However, in the lengthy May 12 question-and-answer session with the plenary participants, one of the religious sisters asked the Pope “Why not construct an official commission that might study the question” of opening the diaconate to women.
In response, Francis said he had spoken some time ago with “a good, wise professor” who had studied the topic of female deacons in the early centuries of the church, and noted that their role was primarily linked to assisting the bishop in full-body immersions of women for baptism.
The Pope said that the exact role female deacons played in the early Church is still unclear to him, and recalled asking the professor “What were these female deacons? Did they have ordination or no?”
He said the precise answer “was a bit obscure,” and questioned aloud the possibility of forming an official commission to study the question.
“I believe yes. It would do good for the Church to clarify this point. I am in agreement. I will speak to do something like this,” he said, adding later that “it seems useful to me to have a commission that would clarify this well.”
CNA asked the Vatican for confirmation of the Pope’s remarks, but did not receive a response by deadline.
While Pope Francis has suggested a new commission could be helpful in studying the question further, the International Theological Commission, an advisory body to the Congregation for the Doctrine of the Faith, released a document on the diaconate in 2002 in which they addressed the question of whether women might be also be eligible.
The document overwhelmingly concluded that female deacons in the early Church had not been equivalent to male deacons, and had no liturgical or sacramental function.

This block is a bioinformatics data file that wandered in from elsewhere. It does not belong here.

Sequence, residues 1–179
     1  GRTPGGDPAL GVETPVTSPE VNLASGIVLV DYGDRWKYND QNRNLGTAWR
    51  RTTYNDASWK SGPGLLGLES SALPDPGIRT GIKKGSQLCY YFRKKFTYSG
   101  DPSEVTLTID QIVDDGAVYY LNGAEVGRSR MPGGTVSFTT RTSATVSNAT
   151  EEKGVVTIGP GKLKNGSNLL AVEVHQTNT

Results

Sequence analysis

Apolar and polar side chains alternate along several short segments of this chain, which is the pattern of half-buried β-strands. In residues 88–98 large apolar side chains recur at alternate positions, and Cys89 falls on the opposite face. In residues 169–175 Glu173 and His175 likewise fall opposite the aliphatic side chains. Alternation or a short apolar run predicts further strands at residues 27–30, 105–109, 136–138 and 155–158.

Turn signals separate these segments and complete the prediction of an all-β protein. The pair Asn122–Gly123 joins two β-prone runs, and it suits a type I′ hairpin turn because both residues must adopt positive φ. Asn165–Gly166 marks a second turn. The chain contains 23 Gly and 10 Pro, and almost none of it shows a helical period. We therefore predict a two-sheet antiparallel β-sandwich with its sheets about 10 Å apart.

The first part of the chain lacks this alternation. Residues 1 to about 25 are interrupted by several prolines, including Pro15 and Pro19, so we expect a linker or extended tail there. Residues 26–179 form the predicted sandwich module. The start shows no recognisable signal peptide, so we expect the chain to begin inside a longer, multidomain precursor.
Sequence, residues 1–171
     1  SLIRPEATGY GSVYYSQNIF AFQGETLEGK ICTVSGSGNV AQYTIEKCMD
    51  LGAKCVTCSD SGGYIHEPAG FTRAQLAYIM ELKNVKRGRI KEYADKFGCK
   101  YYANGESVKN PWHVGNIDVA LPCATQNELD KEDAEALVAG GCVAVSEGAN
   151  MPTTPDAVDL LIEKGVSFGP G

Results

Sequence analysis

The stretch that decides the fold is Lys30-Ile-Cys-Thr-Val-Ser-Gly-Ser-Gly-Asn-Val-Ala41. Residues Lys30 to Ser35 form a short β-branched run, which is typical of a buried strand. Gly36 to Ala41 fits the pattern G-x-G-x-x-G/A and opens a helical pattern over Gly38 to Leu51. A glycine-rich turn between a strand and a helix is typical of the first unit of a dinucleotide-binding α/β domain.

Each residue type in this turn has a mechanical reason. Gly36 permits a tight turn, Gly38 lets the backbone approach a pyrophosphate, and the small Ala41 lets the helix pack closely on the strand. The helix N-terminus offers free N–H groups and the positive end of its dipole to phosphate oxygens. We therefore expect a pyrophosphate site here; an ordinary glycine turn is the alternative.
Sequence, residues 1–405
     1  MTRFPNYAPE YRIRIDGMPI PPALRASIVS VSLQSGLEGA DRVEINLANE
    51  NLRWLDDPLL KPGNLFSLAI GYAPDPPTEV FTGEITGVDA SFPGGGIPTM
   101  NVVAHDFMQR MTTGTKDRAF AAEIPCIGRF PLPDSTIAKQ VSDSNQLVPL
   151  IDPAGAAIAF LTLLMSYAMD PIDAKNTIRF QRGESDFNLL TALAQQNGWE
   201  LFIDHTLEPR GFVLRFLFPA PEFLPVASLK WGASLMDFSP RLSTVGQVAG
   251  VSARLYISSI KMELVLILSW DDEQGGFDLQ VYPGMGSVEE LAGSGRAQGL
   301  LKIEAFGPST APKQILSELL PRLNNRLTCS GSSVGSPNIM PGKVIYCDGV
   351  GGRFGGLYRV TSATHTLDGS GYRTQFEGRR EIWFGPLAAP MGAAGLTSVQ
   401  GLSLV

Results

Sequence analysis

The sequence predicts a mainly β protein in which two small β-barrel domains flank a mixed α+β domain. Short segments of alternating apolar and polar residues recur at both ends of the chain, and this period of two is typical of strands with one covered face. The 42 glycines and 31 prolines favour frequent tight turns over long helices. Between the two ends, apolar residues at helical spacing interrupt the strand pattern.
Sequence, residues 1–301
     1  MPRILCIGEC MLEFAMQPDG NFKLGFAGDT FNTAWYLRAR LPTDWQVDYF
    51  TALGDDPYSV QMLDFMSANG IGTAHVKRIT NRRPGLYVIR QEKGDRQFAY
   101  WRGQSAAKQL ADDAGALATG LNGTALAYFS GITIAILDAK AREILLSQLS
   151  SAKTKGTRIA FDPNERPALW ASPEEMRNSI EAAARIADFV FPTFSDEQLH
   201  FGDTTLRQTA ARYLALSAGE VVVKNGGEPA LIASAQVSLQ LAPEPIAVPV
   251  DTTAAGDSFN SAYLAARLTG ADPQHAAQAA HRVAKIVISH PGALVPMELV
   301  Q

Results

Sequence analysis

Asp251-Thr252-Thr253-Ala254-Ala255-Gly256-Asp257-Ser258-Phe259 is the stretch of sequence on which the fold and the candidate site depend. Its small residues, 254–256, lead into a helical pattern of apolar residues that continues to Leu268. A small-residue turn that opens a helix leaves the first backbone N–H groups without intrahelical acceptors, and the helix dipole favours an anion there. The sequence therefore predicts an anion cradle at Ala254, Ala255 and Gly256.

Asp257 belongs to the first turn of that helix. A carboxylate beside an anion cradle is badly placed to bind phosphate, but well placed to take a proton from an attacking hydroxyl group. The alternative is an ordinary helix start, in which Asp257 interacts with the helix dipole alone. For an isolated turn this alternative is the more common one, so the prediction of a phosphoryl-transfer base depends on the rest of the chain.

It reflected what the professor to whom Pope Francis had spoken said, referring to the Constitutiones Apostolorum, or the Constitutions of the Holy Apostles from around 380, which stressed that deaconesses had “no liturgical function,” but rather devoted themselves “to their function in the community which was service to the women.”
The function of a deaconess, the document read, was summed up in the constitutions thus: “The deaconess does not bless, and she does not fulfil any of the things that priests and deacons do, but she looks after the doors and attends the priests during the baptism of women, for the sake of decency.”
While deaconesses were able to carry out the anointing of women in baptism for decency’s sake and to visit sick women in their homes, “they were forbidden to confer baptism themselves, or to play a part in the Eucharistic offering.”
Even in the fourth century, the document read, “the way of life of deaconesses was very similar to that of nuns.”
While history proves that the ministry of female deacons did indeed exist, the text noted that it was “developed unevenly” in the different parts of the Church, and that affirmed that it is clear “that this ministry was not perceived as simply the feminine equivalent of the masculine diaconate.”
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Divided into seven chapters and a conclusion, the document’s second to last paragraph addresses the question of the ordination of women to the diaconate today.
While the general tone was that the question needed further study, the document offered two points of reflection for future consideration.
First, it mentioned that the deaconesses referred to in the ancient Church, “as evidenced by the rite of institution and the functions they exercised – were not purely and simply equivalent to the deacons.”
Secondly, it asserted that “the unity of the sacrament of Holy Orders…is strongly underlined by ecclesial tradition, especially in the teaching of the Magisterium,” and stressed the “clear distinction” between the ministry of priests and bishops versus that of deacons.
The document concluded with no clear indication either way, but instead simply stated that the question “pertains to the ministry of discernment which the Lord established in his Church to pronounce authoritatively on this question.”